Adam & Eve (Hardcover)
William Morrow, 9780061579271, 352pp.
Publication Date: October 1, 2010
October 2010 Indie Next List
— Karen Briggs, Great Northern Books and Hobbies, Oscoda, MI
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--Library Journal Sena Jeter Naslund, the New York Times bestselling author of Ahab's Wife, Four Spirits, and Abundance explores both the dark nature of fundamentalism and the brightness of true faith in her dazzling novel, Adam & Eve. A provocative, eloquent, and deeply compelling story of a woman caught between two warring worlds--science and religion--Adam & Eve raises timely questions about identity, innocence, and sin, and represents a new literary high-water mark for New York Times Notable author and Harper Lee Award-winner Naslund.
Praise For Adam & Eve…
“[Adam & Eve] transcends the boundaries of the genres it flirts with. In the hands of a lesser storyteller, it might degrade into a flimsy pastiche, but Sena Jeter Naslund’s lyrical, exact prose kept me engaged.”
“Surprisingly affecting. ”
-New York Times Book Review
“This is a wonderful, wonderful novel ...[Naslund] has blown a deep breath of life into Four Spirits.”
-Detroit Free Press
“Filled with the fear Naslund witnessed, the characters ...come to life ....Naslund succeeds splendidly in making history a page-turner.”
“An intense treat, powerfully written, Ahab’s Wife is one of the best contemporary novels I have read in years.
-Louise Erdrich on Ahab's Wife
“Exceptional...A richly detailed portrait of an opulent, turbulent time, revealing the Queen’s journey from frivolity to responsibility, and from palace to prison cell to be one of striking beauty and terrible loss. 4 stars.”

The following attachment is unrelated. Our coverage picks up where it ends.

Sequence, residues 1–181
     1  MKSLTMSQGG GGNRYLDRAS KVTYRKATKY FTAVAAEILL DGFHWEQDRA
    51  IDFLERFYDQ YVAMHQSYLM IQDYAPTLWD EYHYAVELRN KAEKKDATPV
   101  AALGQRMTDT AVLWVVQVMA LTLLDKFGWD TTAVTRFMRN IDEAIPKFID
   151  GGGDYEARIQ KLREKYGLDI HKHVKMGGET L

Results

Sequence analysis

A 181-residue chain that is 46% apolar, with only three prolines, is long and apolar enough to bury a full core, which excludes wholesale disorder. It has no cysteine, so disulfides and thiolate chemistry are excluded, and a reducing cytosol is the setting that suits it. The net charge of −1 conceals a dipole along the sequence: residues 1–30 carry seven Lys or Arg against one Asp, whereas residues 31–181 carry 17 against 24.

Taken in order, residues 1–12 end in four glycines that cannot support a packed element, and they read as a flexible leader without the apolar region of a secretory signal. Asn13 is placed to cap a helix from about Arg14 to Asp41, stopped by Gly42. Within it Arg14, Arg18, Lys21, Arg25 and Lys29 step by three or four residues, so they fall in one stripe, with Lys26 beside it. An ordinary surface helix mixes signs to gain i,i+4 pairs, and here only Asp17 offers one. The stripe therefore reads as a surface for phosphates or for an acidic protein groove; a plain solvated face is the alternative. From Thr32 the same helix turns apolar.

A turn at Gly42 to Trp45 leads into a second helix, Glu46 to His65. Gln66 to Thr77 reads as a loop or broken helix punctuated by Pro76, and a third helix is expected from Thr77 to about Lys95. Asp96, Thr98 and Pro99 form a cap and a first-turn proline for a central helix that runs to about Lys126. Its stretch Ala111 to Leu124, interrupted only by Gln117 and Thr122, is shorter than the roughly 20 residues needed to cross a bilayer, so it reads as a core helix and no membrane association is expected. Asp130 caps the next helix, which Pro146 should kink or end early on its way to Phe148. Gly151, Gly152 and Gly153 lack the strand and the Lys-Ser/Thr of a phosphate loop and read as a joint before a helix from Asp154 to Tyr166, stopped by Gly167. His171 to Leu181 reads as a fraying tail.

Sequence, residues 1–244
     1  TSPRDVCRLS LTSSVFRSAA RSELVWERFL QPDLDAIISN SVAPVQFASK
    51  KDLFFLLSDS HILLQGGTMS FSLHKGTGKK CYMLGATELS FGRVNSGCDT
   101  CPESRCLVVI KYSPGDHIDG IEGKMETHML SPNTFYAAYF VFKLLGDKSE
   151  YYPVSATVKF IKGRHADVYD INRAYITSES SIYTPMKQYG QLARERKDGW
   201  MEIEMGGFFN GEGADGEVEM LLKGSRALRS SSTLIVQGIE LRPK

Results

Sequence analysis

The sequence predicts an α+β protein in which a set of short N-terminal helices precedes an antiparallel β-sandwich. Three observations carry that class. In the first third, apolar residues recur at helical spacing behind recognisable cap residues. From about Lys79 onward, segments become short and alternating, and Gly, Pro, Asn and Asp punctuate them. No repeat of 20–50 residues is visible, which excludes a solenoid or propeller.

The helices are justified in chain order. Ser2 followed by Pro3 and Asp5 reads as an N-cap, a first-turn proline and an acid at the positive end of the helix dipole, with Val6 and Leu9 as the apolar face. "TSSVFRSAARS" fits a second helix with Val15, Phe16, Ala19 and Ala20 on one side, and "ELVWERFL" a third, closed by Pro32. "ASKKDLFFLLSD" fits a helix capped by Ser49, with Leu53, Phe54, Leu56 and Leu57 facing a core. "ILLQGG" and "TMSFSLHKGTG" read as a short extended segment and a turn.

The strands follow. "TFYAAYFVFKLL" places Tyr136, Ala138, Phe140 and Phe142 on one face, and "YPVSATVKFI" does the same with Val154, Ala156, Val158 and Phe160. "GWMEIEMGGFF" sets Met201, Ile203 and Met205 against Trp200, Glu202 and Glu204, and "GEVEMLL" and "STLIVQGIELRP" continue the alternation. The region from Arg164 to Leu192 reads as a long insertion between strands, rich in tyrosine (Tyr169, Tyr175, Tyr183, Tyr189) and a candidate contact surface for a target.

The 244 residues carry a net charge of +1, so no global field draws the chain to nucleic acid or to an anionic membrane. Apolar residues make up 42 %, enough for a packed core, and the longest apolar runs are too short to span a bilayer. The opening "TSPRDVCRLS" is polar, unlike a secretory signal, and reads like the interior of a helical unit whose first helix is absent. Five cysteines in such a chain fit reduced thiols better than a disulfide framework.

“A wealth of period details...the queen faces imprisonment and beheading with both charm and a new dignity, even the most cynical reader will wish for a last-minute pardon.”
-Christian Science Monitor
“This is a brave and multifaceted book, propelled by a mission, and ...it is a page-turner.”
“To describe the elements of this ambitious novel is to sound unhinged, but Naslund pulls it off. This thriller is rich in brilliant discourses on religion, fanaticism, the meaning of ancient cave art, the speculative future, and love.”
-Library Journal on ADAM & EVE
-New York Times on ADAM & EVE
“[A] charming parable...but along the way, Naslund weaves into the story an effective condemnation of dogma and religious zealotry as well as an understated plea for open-mindedness and tolerance.”
“Adam & Eve is a book about passions—a carefully crafted mosaic of devoted love, gut-wrenching betrayal, religious extremism, scientific inquiry, artistic expression…a wonderfully imaginative romp.”
-Huntsville Times on ADAM & EVE
“Adam & Eve has the potential of making not simply a splash, but a small tsunami. The novel is nothing less than a futuristic gloss on all creation, pitting religious fundamentalism against the discovery of extraterrestrial life”
-Louisville Courier Journal
“[Naslund] shed[s] light on what the creation myth (and religious fanaticism) reveals about the human condition: that however formative our beginnings may be, they can always give way to the drama of rebirth. In Adam & Eve, Naslund asks, Which is really more important to us?”
“Naslund’s insight and craftsmanship ...capture the complexities and cultural nuances of the times.”
-San Diego Union-Tribune
“A really satisfying surprise ending.”
-Alabama Writers' Forum on ADAM & EVE